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Summer 2015

The Making of a Professor

Andres Alonso1957

I was born in the small town of Jovellanos in Cuba on June 14. Both my parents had connections to education. My father and his best friend founded a night school that taught business to local students and merchants; my mother was a teacher at a local school before she married.


An early signature of the Cuban Revolution was a campaign to end illiteracy. Local youth mobilized to go to the countryside to teach those older to read and write. The campaign was an early memory and an influence on my conception of how community and schools can function together in ways that were previously thought impossible.


Entered formal schooling across the street from my house, and met some of the friends who are still among those closest to me today, thousands of miles and decades away from that first classroom.


Emigrated to the United States, spoke no English. Settled in a Cuban enclave community in Union City, New Jersey along with my parents and siblings. My mother's large family had left Cuba between 1961 and 1969. We were the last to leave, and they were all waiting. So it was not only loss, it meant reunion. I attended Thomas Jefferson Junior High School and Union Hill High School, where I met a new set of friends and mentors who became significant supports in my education. I have spoken often about how Union City schools provided for me a stream of high expectations during a time of transition from adolescent to young man, from a single, national, ethnic, and language identity to one far more complex and inclusive of those who now enlarged my experience in extraordinary and new ways.


Started at Columbia University. The most salient thing I remember was the ambivalence of my parents and community. On one hand, their deep pride in their high-achieving son; on the other, fear that leaving the community would change him, socially, emotionally, and politically. Columbia and New York City were a feast!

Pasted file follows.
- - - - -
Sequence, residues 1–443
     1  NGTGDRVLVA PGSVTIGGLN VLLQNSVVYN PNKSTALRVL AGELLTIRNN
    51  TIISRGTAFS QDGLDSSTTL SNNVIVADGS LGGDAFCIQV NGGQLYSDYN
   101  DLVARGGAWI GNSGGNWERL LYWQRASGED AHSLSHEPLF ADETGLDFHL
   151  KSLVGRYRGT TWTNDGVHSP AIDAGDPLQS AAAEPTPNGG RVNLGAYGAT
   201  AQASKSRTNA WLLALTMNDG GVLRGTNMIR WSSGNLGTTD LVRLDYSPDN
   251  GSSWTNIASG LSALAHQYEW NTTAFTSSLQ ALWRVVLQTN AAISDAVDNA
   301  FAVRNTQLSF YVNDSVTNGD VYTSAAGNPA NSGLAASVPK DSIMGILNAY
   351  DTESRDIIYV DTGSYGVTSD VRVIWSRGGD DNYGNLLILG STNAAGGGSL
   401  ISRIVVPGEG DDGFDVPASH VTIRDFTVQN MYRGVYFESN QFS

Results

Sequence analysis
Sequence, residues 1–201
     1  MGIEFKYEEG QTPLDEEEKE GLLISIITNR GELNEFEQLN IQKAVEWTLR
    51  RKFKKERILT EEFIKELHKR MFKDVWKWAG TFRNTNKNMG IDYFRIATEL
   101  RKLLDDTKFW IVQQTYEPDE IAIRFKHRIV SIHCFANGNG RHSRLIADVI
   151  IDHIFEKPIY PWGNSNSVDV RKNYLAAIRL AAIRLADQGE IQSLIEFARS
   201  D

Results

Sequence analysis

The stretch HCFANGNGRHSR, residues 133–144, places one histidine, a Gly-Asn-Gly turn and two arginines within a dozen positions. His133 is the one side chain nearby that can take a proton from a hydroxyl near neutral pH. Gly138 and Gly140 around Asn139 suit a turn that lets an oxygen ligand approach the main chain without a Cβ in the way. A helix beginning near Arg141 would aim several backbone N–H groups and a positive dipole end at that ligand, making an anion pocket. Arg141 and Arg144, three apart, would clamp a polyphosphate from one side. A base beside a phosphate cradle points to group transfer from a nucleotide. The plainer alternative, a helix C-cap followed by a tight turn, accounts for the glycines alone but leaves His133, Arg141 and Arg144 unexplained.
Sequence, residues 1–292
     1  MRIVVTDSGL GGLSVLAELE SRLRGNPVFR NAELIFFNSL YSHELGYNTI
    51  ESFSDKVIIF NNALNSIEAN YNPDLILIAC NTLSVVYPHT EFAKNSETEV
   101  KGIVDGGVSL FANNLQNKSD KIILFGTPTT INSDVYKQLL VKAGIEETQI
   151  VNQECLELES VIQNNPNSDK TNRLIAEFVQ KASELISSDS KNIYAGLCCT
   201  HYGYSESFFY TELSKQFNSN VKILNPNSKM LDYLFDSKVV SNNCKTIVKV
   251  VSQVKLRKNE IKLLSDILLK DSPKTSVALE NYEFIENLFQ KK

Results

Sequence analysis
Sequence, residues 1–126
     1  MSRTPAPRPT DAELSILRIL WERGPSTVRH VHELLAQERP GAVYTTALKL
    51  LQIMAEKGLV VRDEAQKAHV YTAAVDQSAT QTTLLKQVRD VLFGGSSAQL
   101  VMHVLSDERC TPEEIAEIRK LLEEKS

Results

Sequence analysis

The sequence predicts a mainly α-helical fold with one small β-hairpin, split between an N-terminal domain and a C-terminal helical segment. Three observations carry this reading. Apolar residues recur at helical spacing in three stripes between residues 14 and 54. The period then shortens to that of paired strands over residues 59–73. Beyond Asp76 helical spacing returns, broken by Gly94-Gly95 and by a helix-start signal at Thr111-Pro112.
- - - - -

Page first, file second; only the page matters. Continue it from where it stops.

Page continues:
Next was Harvard Law School. It was a step in line with the immigrant arc of achievement. I interned in law firms in Miami and New York during summers. It was during my Miami internship, which overlapped with the aftermath of the Mariel boatlift of Cuban refugees in 1980, that I first sensed that practicing law might not be my eventual destiny. I was interested in the refugees' lives and the dynamics of the communities welcoming them far more than the legal aspects of what was happening.


After graduating from law school, and practicing law, I decided that I had to change direction. I could never really explain why, other than a sense of missing what mattered to me. I have never regretted the decision. I traveled and then started teaching at a Center School for classified emotionally disturbed adolescents in Newark, New Jersey, as a short-time project. I stayed in teaching for the next 12 years.


I had taken legal custody of one of my students earlier in the decade and became frustrated with the options available for him in Newark. I began to think about changing the system in which I was working and the way it served students, parents, and teachers. I went back to Harvard to become an urban superintendent at the Ed School's Urban Superintendents Program.


Moved to New York City to become chief of staff and then deputy chancellor for teaching and learning during Mayor Michael Bloomberg and Chancellor Joel Klein's Children First reforms of New York City public schools. In New York City I learned about a new pace of change, about the challenges of scale, and about the dilemmas of trying to change how schools worked across an enormous span of interests, understandings, and needs.


Thirsty to put the new learning to practice on my own, I left New York City to become CEO of the public school system in Baltimore. I thought the challenges of Baltimore reminded me of what I had experienced as a teacher in Newark. Baltimore quickly became home. I built a great team and with them helped create a sense of urgency on behalf of students, families, and schools.


I came back to Harvard to teach others, hoping that some will become instruments of change and improvement in the public schools I have tried to improve. It's been great to be able to look back, with a little detachment from the fray, and share my experiences with very passionate students.


Today, almost two years later, I feel very optimistic about the future of American education, despite the constant drumbeat of conflict and criticism that dominates the public discourse about U.S. schools. There is a centrality in the national conversation, a sense of opening in the educational world, and an explosion of new forms of learning for teachers and students that I think create possibilities that were not there before.